A new crop of bigger, faster and much stronger offensive linemen will sign on Wednesday. Many will be expected to play right away.
Attitudes and expectations toward young linemen have shifted over the last decade, a noticeable trend that has only grown in recent years. Let’s use last year as an example. Of the 14 offensive linemen listed in the ESPN 300, nine played.
ESPN.com Freshman All-American Mitch Hyatt led the way as the only player among them to start every game last season. His whopping 1,067 snaps as Clemson’s starting left tackle were the most among freshmen offensive linemen. The Tigers made it to the national title game, so that impacted his snap count, but that should not discount the job he did protecting Deshaun Watson as a first-year starter.
Hyatt was not the lone true freshman starting at tackle in the ACC. Three-star Geron Christian started all 13 games for Louisville at left tackle and played 852 snaps. Three-star Aaron Monteiro started the final five games of the season at left tackle for Boston College, and played 314 total snaps. The scope extends beyond ACC country.
So why have teams opted against what was once a surefire redshirt for offensive linemen? There are a few reasons. The burgeoning skill camps offered for high school athletes have been game-changers, because they give players an opportunity to work on their game at a much younger age.
High school linemen are also bigger than they were 20 years ago, mainly because the size for starting offensive linemen has grown. Among the top 12 offensive linemen in the ESPN 150 in 2006, the average weight was 294 pounds. In the 2016 class, the average weight of offensive linemen in the ESPN 300 is 301.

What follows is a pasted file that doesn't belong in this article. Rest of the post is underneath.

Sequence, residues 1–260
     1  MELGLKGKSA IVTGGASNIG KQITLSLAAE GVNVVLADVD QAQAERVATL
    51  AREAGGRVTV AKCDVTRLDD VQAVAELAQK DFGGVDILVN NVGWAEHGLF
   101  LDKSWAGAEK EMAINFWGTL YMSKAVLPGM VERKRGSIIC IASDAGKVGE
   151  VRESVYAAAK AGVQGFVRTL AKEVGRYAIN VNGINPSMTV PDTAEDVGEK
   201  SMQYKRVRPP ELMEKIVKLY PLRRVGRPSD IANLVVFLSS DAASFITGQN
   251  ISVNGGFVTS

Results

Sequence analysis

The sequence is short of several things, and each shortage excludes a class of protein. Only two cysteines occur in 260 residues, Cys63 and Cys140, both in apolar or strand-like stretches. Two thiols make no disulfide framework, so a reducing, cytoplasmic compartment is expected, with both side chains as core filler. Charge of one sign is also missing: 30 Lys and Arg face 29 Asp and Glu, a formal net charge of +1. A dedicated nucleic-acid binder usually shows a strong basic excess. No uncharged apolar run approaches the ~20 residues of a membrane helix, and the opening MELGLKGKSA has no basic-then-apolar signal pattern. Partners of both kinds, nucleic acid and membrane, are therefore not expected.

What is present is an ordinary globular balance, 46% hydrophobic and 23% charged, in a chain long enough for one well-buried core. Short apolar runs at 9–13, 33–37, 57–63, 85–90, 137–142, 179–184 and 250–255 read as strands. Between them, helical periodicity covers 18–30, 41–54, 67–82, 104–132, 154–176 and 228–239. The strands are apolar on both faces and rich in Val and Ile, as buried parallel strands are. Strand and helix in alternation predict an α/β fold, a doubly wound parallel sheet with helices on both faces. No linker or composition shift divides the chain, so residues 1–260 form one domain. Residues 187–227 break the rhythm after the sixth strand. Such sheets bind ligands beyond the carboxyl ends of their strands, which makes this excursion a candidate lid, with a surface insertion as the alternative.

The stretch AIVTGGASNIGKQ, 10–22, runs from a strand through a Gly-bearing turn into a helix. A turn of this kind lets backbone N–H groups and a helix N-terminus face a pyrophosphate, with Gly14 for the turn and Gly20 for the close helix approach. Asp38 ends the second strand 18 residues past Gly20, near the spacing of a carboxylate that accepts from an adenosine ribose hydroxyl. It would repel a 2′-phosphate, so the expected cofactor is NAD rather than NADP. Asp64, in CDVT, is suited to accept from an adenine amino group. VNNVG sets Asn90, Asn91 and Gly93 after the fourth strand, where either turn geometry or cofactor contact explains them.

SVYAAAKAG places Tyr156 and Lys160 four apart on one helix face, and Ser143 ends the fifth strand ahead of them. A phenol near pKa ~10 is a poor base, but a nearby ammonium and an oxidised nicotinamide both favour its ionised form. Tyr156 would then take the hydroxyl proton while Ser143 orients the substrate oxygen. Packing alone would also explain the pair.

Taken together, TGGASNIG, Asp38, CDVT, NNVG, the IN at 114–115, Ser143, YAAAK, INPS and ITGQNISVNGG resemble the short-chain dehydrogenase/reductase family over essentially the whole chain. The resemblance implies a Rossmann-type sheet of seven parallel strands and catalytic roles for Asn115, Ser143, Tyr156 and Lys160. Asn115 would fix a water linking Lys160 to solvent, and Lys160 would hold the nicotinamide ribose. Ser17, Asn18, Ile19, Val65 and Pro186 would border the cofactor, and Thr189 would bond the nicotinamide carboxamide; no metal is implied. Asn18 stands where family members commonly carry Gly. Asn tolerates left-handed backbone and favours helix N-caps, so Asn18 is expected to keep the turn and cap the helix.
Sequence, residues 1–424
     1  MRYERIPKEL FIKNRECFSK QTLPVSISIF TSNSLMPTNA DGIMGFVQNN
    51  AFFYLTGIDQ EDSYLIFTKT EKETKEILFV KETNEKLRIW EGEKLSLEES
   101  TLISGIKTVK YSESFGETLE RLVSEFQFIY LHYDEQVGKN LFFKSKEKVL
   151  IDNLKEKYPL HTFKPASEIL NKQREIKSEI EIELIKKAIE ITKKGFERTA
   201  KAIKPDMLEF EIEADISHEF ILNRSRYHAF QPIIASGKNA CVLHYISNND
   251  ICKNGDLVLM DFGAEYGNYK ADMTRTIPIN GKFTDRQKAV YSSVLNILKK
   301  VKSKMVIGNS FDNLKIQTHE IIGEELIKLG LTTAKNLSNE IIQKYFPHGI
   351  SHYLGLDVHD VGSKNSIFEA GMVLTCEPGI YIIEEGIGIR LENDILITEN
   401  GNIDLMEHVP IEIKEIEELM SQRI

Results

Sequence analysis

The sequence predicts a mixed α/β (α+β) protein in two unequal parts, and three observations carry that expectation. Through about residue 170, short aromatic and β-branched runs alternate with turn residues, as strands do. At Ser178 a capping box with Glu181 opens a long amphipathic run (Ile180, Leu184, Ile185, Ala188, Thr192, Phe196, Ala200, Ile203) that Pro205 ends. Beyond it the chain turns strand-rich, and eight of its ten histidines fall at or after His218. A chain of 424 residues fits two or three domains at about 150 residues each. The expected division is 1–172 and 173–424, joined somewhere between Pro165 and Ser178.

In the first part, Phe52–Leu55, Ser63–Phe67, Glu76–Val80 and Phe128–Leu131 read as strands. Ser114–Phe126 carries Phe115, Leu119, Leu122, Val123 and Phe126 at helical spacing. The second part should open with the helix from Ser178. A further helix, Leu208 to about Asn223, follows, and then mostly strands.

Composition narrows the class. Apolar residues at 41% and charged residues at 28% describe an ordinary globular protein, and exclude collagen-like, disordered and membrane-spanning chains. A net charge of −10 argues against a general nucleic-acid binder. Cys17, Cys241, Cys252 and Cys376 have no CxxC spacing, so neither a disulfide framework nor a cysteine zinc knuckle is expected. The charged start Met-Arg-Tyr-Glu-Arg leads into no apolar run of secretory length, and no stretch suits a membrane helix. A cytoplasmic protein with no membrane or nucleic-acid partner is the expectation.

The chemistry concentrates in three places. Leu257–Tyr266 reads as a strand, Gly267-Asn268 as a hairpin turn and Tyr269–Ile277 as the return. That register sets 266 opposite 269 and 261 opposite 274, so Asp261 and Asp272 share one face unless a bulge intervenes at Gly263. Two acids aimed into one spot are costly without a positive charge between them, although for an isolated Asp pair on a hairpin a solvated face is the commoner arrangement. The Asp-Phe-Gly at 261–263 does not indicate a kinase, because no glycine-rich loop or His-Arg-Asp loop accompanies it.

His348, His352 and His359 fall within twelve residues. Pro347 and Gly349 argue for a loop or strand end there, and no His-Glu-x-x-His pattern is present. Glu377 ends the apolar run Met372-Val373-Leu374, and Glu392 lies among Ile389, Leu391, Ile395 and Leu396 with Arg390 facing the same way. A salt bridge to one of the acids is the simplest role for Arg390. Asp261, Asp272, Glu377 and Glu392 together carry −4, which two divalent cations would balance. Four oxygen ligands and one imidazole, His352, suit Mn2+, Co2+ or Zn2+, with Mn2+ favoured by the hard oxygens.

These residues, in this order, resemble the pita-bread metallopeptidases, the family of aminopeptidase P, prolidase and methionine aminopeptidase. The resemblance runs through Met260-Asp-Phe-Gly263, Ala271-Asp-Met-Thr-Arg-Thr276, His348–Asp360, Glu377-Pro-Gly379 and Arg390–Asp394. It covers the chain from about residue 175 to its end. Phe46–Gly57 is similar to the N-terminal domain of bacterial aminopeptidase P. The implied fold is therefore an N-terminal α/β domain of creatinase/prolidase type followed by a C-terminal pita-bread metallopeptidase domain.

To better illustrate this point, consider former Pro Bowl lineman LeCharles Bentley was 270 pounds out of high school two decades ago. He signed with Ohio State in 1998.
“If I were to superimpose myself in today’s recruiting world, I would be too short, I would be not big enough and I would probably be labeled either a two-star or three-star recruit, which would yield me potentially a small Division I scholarship opportunity,” Bentley said. “You know the first coach to offer me a scholarship out of high school? It was Nick Saban. But you look at what Nick Saban is doing now. All these kids are 6-5, 305, 310, 315.”
Many also enroll in school early, like Hyatt and Williams.
“These kids are getting into school so early now,” said Bentley, who runs a training center for pro linemen. “A lot of these kids aren’t going to prom anymore. These kids from a skill-set perspective have been influenced from so many different resources, at a much earlier age. They’re much bigger than they ever have been. They’re doing less because you have to know less. Now you’re entering college much earlier than you ever have before, and it creates a perfect storm for kids to have an opportunity to play at an earlier age.”
Recruiting also has played a role, with players labeled as soon as they set foot on campus.
“It has desensitized the average fan or even coaches from the level of expectation and the level of preparation that is really involved with developing an offensive lineman,” Bentley said. “Physically, you look at a player and you’re looking at what you’d consider a grown man and then you couple that with all the top media outlets have branded this particular person as the second coming of whomever, they’re going to be the potential first-round pick all this and all that. ...
“But you don’t see all the things that go on behind the scenes and what’s truly required to develop those boys into young men first and then you put them on the football field.”
Not everybody is Hyatt or Williams. And many linemen still take redshirts. But more and more are playing early, making offensive line a position just like all the others on the football field. The old rules no longer apply.